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Uniting the mundane, sacred worlds through the creative act

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WHAT IT IS: A view of Seth Woodyard's incredible architectural installation Good Work, which uses ordinary building materials -- two-by-fours, plastic sheeting, hooks and tarp -- to transform aceart's 3,000-square-foot main gallery into a sacred space.

WHAT IT MEANS: After graduating from the University of Manitoba's School of Art in 2009, Woodyard took a job with a local plastering firm. The 30-year-old artist is also a regular attendant at St. Margaret's Anglican Church in Wolseley.

Woodyard's three different worlds come together -- beautifully -- in this multimedia project, which manages to be both hugely ambitious and humble. Woodyard doesn't just play around with ideas about masculinity, work and purpose. He has completely committed himself: With some help from friends and fellow plasterers, Woodyard has created an elaborate, elegant (and really, really big) hybrid structure that is half cathedral and half building site.

Woodyard wanted to work with materials from his day job but to use them with a different intent. Bare wood, pleated polyurethane, nuts and bolts are used to form a facade, a nave, an altar. A chapel's "tile" floor is crafted from white dust-cloths and blue nylon tarp. The Gothic-style ceiling is formed by rough canvas suspended from hooks. The font is a cross between a modern bathroom renovation and a medieval vessel.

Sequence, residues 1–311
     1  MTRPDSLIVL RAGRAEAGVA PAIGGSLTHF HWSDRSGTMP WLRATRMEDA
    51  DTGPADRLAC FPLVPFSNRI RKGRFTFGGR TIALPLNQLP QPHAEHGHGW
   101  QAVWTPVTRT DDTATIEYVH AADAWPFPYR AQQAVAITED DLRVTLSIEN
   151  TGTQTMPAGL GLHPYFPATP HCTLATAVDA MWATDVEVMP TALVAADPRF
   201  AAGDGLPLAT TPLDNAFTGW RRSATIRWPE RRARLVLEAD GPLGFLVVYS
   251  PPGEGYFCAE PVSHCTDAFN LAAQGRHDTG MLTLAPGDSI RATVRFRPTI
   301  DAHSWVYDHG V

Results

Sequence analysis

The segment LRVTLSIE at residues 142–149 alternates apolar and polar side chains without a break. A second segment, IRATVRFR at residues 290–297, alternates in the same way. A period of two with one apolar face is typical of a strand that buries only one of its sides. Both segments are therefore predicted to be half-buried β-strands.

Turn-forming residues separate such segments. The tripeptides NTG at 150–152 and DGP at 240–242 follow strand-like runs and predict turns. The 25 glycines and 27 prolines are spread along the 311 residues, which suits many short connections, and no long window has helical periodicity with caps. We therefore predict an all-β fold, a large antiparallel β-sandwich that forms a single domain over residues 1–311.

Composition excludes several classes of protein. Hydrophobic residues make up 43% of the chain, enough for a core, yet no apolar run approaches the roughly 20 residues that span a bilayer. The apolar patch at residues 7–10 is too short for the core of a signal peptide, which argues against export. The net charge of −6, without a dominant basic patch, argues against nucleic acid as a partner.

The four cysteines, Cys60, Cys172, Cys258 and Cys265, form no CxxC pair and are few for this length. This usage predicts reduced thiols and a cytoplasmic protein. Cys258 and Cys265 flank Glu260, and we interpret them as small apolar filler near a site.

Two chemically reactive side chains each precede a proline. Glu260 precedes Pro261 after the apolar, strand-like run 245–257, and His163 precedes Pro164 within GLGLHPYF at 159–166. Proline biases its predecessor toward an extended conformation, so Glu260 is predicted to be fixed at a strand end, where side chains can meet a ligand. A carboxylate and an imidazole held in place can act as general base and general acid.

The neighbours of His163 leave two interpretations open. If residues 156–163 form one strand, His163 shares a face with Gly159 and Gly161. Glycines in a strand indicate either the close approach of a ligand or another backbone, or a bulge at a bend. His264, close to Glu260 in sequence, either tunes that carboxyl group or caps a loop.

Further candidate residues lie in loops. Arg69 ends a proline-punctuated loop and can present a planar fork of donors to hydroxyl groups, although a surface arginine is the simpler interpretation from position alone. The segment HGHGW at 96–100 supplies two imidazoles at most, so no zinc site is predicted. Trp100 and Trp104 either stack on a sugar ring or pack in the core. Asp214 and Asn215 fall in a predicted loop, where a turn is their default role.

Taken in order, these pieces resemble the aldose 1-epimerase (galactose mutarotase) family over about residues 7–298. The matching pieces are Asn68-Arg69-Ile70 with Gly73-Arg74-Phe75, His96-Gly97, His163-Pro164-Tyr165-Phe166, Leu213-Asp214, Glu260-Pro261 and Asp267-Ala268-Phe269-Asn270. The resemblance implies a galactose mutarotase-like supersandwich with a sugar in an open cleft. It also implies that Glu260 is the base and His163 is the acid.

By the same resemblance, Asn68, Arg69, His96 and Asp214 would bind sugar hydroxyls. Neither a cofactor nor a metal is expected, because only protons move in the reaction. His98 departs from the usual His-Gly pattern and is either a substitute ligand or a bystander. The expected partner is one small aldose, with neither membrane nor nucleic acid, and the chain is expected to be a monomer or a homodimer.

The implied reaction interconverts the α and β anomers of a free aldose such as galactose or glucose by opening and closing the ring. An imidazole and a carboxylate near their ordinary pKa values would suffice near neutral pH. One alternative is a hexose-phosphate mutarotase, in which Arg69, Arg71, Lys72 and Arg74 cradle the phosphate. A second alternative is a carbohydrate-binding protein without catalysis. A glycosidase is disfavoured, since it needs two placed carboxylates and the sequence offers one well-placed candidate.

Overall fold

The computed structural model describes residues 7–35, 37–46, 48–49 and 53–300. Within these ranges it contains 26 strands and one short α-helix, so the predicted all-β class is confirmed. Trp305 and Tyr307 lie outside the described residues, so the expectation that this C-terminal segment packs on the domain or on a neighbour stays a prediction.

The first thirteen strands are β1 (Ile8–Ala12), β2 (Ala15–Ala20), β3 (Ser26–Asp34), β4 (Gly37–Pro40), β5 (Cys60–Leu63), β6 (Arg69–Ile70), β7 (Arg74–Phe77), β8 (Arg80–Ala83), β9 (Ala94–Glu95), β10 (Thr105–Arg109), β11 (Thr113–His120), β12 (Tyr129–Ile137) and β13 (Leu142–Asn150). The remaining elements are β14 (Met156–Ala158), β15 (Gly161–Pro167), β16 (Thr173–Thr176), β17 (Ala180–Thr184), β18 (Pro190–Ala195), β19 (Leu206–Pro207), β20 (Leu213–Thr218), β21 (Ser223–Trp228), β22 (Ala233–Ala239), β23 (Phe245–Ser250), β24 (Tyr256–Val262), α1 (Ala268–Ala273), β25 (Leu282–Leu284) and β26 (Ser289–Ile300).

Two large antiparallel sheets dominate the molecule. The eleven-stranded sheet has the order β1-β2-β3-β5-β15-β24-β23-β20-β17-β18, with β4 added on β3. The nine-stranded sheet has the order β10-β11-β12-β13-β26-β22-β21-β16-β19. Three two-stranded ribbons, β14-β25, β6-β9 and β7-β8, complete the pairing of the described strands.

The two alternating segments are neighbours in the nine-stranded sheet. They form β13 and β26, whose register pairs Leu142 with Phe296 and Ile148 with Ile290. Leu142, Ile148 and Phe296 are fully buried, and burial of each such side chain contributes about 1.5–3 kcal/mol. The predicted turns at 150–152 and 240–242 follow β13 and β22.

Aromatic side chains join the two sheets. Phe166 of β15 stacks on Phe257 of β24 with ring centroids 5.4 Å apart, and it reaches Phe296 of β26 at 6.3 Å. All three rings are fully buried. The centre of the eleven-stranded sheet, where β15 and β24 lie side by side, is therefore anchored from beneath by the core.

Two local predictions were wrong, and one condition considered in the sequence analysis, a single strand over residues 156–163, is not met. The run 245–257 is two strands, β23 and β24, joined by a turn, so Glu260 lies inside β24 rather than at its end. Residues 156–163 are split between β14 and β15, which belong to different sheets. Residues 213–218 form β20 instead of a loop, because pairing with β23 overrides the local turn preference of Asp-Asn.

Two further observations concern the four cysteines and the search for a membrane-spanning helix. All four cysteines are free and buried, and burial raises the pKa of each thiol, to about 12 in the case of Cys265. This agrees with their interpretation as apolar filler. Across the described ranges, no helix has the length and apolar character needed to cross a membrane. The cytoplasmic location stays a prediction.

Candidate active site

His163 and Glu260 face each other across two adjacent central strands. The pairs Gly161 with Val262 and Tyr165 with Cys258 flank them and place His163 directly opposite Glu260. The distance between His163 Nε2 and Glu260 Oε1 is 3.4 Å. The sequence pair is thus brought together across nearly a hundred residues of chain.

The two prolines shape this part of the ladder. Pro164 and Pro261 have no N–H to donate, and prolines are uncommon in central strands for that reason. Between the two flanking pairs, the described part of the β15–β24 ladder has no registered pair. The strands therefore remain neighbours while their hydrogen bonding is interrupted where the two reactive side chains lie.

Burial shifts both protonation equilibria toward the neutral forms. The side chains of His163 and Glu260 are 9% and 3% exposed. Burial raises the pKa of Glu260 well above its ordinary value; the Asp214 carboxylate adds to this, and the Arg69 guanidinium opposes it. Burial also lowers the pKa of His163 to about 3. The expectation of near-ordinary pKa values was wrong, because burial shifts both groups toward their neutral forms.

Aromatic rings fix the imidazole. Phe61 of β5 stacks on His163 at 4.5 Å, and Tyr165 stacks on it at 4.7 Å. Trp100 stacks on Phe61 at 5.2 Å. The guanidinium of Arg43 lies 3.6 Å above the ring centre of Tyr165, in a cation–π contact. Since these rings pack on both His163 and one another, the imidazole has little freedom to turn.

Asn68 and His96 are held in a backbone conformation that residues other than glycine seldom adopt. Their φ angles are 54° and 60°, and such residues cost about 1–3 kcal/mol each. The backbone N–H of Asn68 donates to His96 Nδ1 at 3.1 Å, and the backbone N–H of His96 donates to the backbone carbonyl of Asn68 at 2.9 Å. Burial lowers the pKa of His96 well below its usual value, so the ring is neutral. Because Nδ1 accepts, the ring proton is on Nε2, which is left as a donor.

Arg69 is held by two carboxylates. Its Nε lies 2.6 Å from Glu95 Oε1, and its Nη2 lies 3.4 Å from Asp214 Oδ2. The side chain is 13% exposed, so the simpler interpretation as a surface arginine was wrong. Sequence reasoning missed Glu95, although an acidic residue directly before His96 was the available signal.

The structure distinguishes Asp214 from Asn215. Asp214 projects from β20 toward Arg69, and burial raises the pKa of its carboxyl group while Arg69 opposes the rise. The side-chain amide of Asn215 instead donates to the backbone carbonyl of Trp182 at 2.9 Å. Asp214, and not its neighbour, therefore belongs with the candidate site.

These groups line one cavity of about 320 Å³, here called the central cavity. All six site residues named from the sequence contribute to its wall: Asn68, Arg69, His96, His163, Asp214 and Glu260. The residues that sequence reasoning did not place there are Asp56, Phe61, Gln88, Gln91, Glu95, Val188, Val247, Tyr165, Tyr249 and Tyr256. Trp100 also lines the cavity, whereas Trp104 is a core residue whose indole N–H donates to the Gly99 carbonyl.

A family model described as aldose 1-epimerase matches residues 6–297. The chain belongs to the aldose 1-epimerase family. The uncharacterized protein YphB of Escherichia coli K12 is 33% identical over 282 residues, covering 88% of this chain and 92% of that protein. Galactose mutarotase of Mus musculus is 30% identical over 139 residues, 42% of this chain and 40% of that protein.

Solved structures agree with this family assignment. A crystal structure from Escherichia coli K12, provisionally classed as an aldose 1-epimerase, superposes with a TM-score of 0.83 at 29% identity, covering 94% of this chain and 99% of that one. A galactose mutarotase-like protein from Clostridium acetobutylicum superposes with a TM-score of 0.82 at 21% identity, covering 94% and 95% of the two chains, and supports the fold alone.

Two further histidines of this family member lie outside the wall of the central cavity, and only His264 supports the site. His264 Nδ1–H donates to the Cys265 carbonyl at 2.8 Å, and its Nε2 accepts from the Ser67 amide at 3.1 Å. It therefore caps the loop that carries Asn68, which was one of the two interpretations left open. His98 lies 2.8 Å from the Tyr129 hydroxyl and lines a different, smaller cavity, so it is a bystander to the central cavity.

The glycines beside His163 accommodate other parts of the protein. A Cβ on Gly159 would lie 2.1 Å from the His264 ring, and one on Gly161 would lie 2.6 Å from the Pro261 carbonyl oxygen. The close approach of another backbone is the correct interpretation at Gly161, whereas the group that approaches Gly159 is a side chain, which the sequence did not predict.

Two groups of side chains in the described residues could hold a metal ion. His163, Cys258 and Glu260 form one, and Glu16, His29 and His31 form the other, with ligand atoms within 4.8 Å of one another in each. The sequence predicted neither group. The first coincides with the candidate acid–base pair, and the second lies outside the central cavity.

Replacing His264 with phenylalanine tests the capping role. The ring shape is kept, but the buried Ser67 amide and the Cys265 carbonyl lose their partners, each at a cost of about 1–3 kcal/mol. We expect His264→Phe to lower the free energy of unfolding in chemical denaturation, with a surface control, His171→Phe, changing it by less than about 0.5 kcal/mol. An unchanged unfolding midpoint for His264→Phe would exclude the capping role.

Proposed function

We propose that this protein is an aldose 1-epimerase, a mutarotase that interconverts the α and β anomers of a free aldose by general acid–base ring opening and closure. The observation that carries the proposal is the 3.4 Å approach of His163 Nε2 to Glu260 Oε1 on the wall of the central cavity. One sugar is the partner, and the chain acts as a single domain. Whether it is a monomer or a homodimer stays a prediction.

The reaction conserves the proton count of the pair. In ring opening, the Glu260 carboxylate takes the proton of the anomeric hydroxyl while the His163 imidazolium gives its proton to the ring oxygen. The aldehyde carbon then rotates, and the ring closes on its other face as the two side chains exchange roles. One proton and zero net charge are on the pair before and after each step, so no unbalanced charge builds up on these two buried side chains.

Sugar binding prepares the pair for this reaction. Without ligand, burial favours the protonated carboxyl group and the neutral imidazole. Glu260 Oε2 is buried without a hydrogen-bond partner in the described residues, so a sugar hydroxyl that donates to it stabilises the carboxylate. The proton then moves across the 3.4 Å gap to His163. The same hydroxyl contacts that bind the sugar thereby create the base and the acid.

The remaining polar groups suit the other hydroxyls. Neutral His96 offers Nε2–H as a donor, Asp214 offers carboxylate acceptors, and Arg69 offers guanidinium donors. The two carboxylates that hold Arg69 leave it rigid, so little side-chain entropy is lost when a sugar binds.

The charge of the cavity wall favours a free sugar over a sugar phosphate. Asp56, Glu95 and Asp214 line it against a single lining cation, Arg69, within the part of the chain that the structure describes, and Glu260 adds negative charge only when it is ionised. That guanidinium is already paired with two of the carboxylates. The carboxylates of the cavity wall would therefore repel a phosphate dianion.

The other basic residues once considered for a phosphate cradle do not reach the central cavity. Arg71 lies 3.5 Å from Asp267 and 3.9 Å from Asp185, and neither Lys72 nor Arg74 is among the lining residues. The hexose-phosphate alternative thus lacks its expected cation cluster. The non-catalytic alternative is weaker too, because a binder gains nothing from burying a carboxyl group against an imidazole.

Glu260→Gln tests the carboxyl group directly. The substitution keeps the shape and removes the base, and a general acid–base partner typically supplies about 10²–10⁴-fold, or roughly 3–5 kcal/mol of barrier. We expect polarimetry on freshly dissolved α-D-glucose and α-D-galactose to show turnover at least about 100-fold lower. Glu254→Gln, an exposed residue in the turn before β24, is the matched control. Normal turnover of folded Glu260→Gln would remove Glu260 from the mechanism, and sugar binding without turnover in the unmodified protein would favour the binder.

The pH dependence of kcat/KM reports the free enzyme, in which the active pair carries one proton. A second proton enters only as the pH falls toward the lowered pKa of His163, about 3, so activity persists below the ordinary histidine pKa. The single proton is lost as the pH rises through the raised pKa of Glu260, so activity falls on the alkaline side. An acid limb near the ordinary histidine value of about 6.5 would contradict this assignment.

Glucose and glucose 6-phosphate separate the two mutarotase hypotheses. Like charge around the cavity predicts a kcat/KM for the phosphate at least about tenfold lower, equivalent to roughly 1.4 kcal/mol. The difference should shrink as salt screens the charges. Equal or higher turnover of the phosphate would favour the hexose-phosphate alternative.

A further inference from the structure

Rather than viewing the mundane world and the sacred world as separate, Woodyard unites them through the creative act. Seeing parallels in the repetition of manual work and the repetition of religious liturgy, he views his art as a feeling response "to a culture steeped in irony, laziness, and meaningless work." For Woodyard, the process of transforming the gallery space offers "a return to sincerity and the discipline of ritualized labour."

Woodyard has also been influenced by the classical myth of Sisyphus, the king condemned to roll a stone up a hill, again and again, for all eternity. The name of Sisyphus is often used as a synonym for work that is seen as dull, weary and pointless.

But as Woodyard points out, there are other, more hopeful possibilities. The existentialist Albert Camus, in his essay The Myth of Sisyphus, recasts Sisyphus as the modern absurdist hero. While his labour holds no transcendent final purpose, "his rock is his thing," Camus writes. Rolling his rock up his hill, Sisyphus can find meaning in the process itself.

WHY IT MATTERS: Most of us face some kind of endless everyday task. It might not be as tough as construction work, but it could involve washing dishes, doing laundry, mowing the lawn, punching in data, shuffling paper. By concentrating on the process of work, and building a structure that reveals that work as ordered and beautiful, Woodyard gives us a way to see this work differently.

As Camus says in the last line of his essay: "One must imagine Sisyphus happy." Seth Woodyard: Good Work runs at aceart, 2-290 McDermot Ave., until July 13.

Art historian Alison Gillmor looks beneath the surface of newsworthy art.

Republished from the Winnipeg Free Press print edition June 23, 2012 G6

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